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Mamata Banerjee detached and BJP at play as Bengal doctors' protest continues

Chief minister silent, Abhishek’s statement and health secretary’s appeal fail to douse anger among doctors

By TT Bureau in Calcutta
  • Published 13.06.19, 7:28 AM
  • Updated 13.06.19, 7:30 AM
  • 2 mins read
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A mother with her child at NRS Medical College and Hospital on Wednesday. She waited in vain from morning till 4.30pm, when the child started convulsing. She ran inside the emergency unit but there was no one there to help. Police arranged a vehicle and asked the family to approach other hospitals Picture by Bishwarup Dutta

Mamata Banerjee has uncharacteristically made her nephew and bureaucrats the public faces of healthcare crisis management, making doctors more indignant and emboldening the BJP to escalate its polarisation drive.

The first formal Trinamul Congress reaction to the brutal assault on doctors at NRS Medical College and Hospital came not from Mamata but Abhishek Banerjee, the chief of the party’s youth wing and Diamond Harbour MP.

“We condemn it (the assault) unequivocally…. It is painful,” Abhishek said, adding that the attackers would not be spared, the administration had already taken action and that poor patients are suffering because of the ongoing agitation by junior doctors.

However, in a still-unfolding emotive situation, attention stayed focused on how Abhishek fumbled more than once while referring to the name of an injured doctor — which was seen as a sign that the chief minister has delegated a relatively inexperienced leader to handle the situation.

In the evening, health secretary Rajiva Sinha issued an “appeal” to the junior doctors to call off the agitation, citing neglect of patient care and harassment of common people.

“An appeal is therefore made to the agitating junior doctors to immediately withdraw the agitation and get back to their duty restoring complete normalcy in providing this essential service to the citizens at the earliest,” Sinha’s statement said.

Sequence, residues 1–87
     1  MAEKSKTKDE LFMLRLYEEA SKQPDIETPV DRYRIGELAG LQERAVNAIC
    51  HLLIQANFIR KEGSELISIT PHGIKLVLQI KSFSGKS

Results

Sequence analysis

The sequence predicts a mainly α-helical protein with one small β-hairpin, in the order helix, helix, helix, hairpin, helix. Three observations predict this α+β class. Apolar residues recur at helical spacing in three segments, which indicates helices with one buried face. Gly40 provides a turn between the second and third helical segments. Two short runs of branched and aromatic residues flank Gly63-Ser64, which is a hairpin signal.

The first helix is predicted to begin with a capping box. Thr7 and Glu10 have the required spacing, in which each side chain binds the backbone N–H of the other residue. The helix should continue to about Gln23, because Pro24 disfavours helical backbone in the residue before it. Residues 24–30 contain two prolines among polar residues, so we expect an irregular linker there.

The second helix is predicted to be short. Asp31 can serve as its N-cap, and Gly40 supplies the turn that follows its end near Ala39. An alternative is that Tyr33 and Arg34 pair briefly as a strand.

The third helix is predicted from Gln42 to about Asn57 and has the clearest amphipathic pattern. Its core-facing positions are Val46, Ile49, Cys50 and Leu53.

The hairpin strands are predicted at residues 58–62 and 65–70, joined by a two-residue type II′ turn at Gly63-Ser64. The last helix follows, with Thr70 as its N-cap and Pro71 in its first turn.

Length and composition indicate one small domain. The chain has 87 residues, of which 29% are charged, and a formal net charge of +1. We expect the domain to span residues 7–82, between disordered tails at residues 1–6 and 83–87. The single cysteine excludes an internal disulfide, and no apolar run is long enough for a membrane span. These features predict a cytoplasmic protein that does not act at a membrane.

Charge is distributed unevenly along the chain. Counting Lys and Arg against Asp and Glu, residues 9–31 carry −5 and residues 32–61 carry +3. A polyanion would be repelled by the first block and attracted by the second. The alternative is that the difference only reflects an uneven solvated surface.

The dispassionate tone — a desirable skill while handling affairs of state but a liability while addressing delicate issues involving aggrieved people — appeared to have angered the doctors more.

A junior doctor said the language of the appeal came across “as a threat” and vowed to carry on with the agitation till the chief minister visits Paribaha Mukhopadhyay, the injured intern who is undergoing treatment at the Institute of Neurosciences in the city.

A measure of the deep resentment among doctors in general, not just juniors or those in government service, was on display on Wednesday when a protest in solidarity affected outpatient departments of many private hospitals.

The pitfalls of letting the issue fester became evident when three junior doctors and a fourth-year student of Burdwan Medical College and Hospital were injured in attacks by purported relatives of patients.

Trinamul insiders conceded the gesture by Abhishek was “too little, too late”.

“The key demand from the agitators was a statement from the chief minister. A statement — at least on Twitter — could have prevented this,” said a Trinamul leader. “We are hoping she would change her mind…. But we fear that the damage has already been done,” he said.

He wondered why Mamata did not seize the initiative on Tuesday itself and address the grievances of the doctors as she did when Ishwarchandra Vidyasagar’s bust was vandalised in May.

The BJP has sought to fill the vacuum. A day after BJP leader Mukul Roy blamed a community, state party chief Dilip Ghosh went a step further. Ghosh said the particular community was under police protection and he proceeded to name the community.

Asked why the party was singling out a community, he said: “It is the harsh truth of Bengal today.”

Ghosh appealed to doctors to call off the agitation immediately and asked the state government to ensure their safety.